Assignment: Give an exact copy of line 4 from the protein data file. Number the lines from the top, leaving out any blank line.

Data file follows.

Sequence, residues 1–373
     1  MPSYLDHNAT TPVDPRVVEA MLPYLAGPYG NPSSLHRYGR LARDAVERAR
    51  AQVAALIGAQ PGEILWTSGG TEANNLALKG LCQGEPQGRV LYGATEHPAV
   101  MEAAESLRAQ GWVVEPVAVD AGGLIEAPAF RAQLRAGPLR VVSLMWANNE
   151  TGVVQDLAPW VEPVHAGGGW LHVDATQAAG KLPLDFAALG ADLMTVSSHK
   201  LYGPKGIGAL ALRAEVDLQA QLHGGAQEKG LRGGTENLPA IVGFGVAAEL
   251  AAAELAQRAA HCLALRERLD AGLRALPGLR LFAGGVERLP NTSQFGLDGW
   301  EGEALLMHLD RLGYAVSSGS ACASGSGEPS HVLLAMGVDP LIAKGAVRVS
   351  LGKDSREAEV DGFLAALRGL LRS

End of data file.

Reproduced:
   101  MEAAESLRAQ GWVVEPVAVD AGGLIEAPAF RAQLRAGPLR VVSLMWANNE